“When life gives you lemons you make lemonade,” Brent Ridge has been quoted as saying. And when life gives you goats? Well, he’s added, “you make cheese!” Actually, when physician Brent Ridge and his husband, advertising executive and author Josh Kilmer-Purcell, got those goats, the first thing they made was goat milk soap, but it was just the beginning of an incredible journey.
They made a dramatic change from New York City living to rural farm life in Sharon Springs, an upstate New York town with a little over 500 residents. The couple purchased the farm in 2007 after falling in love with it during an apple-picking trip. Shortly afterward, those lemons arrived.
Both men lost their high-powered jobs and decided to relocate and, unwittingly, reinvent themselves. Next came the goats, courtesy of their neighbor, Farmer John, who asked if he could house his herd in their barn. The result of this adventure is a lifestyle brand, Beekman 1802, which includes a skin-care line, locally sourced artisanal products, and home items.
In recent years, they’ve turned their attention to the house, which was built in 1802 and, Ridge says, “looks huge but is actually four rooms on top of four rooms. Originally it was all bedrooms with 12-foot-wide hallways and an outdoor kitchen.” Their plan was to mix traditional and contemporary pieces with the goal of maintaining the integrity of the house. The library houses books and framed maps from the time of William Beekman, the original owner, and a collection of curiosities as homage to the 19th century.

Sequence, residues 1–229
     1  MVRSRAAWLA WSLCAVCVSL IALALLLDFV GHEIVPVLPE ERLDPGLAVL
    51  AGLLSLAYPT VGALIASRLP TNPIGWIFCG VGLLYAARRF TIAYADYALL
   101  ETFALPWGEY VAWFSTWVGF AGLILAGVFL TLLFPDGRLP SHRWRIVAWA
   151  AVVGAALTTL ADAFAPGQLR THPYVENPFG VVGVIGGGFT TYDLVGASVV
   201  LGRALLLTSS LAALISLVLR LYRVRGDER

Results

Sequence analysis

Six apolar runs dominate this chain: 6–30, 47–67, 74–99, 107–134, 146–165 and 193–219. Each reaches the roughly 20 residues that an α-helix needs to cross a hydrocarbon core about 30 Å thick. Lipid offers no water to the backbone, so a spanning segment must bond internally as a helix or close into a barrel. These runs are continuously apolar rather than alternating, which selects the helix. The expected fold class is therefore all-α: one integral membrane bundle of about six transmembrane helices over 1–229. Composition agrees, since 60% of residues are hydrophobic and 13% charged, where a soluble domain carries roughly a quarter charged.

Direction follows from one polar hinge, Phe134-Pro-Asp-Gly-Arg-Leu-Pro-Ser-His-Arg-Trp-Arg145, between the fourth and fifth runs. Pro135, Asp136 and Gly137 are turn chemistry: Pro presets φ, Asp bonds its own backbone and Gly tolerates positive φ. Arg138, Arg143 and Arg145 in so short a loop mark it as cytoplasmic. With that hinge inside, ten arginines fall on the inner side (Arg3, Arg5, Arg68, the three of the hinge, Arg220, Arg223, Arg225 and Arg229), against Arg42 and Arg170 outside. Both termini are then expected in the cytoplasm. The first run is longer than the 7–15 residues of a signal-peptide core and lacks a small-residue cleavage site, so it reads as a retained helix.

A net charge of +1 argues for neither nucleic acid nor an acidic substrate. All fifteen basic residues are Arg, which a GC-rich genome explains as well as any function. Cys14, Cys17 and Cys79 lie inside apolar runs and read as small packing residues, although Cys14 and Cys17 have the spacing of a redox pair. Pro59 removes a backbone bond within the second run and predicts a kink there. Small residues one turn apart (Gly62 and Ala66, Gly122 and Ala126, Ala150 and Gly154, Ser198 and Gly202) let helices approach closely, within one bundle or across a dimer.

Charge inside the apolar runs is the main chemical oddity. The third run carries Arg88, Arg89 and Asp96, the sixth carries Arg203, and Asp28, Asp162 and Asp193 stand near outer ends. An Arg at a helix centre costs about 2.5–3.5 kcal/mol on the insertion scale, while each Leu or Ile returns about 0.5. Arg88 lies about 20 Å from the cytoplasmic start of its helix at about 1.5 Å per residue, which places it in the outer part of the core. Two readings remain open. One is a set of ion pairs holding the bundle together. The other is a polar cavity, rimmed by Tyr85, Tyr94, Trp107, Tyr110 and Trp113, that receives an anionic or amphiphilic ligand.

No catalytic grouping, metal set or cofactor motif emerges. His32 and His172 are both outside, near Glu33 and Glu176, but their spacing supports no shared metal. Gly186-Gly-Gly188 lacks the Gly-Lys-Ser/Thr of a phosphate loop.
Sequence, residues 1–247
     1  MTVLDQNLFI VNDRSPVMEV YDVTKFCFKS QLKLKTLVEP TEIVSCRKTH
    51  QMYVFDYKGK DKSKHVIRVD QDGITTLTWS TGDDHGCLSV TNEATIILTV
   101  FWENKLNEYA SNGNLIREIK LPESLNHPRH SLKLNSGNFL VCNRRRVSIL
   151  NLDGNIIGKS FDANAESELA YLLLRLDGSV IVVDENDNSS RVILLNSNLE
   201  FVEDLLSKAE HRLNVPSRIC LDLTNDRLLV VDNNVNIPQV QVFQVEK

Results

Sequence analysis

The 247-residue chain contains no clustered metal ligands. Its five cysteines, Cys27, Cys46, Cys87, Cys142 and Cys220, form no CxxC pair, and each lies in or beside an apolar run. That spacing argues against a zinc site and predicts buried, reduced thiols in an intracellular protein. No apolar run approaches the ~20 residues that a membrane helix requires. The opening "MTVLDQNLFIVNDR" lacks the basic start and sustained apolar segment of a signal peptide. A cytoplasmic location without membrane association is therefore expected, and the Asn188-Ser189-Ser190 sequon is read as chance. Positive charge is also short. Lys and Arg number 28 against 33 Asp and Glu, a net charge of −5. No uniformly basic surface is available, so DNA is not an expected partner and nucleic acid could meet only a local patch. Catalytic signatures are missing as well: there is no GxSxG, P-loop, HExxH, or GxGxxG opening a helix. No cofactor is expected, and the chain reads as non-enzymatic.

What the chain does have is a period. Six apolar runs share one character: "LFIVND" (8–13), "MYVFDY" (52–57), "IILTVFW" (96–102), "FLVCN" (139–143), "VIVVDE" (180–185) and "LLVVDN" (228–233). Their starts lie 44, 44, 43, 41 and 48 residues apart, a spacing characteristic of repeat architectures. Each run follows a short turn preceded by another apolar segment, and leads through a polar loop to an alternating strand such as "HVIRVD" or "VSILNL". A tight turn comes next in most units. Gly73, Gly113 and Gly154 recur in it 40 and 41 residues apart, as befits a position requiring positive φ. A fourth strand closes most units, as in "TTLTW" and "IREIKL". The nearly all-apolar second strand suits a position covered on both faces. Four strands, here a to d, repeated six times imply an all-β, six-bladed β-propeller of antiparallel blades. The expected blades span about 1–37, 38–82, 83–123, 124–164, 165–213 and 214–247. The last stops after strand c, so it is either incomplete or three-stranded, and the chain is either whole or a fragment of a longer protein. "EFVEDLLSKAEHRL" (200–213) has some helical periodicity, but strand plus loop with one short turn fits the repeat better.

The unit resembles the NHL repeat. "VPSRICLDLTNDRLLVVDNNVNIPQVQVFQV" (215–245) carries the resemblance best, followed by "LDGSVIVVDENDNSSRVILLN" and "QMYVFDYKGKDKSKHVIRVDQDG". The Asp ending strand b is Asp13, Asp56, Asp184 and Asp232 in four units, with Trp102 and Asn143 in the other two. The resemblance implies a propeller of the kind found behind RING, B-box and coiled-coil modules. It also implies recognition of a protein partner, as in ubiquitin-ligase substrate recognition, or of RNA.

An important element of the restored farmhouse is the shared closet, created from a small room. “We’ve always shared a closet, from the time we lived in New York City,” Ridge says. “The closet in our apartment was tiny.” But now their closet can accommodate all their needs, including their varied wardrobes. They have clothes for everything from TV appearances on HSN and QVC to charity events and mucking out stalls.
A big request in designing the closet was lighting. “Electricity is always a challenge in an old house, so we asked for all the bells and whistles when it came to lighting.” There’s under-the-shelf LED lighting wherever possible to give the closet a boutique feeling. The floors are the original wood, and there’s a custom-built chest of drawers. An unusual feature of the closet is a window. Ridge says it’s a great advantage when you’re getting dressed: One look outside and you can see the weather!
Ridge and Kilmer-Purcell have 47 goats, and the population swells in spring. They also have 10 chickens, a three-legged dog, and extensive gardens. They grow, freeze, and can all their own food. The transition to the country means everything isn’t available around the clock, Ridge concludes, but the trade-off, the sense of real community where you depend on your neighbors, was well worth it.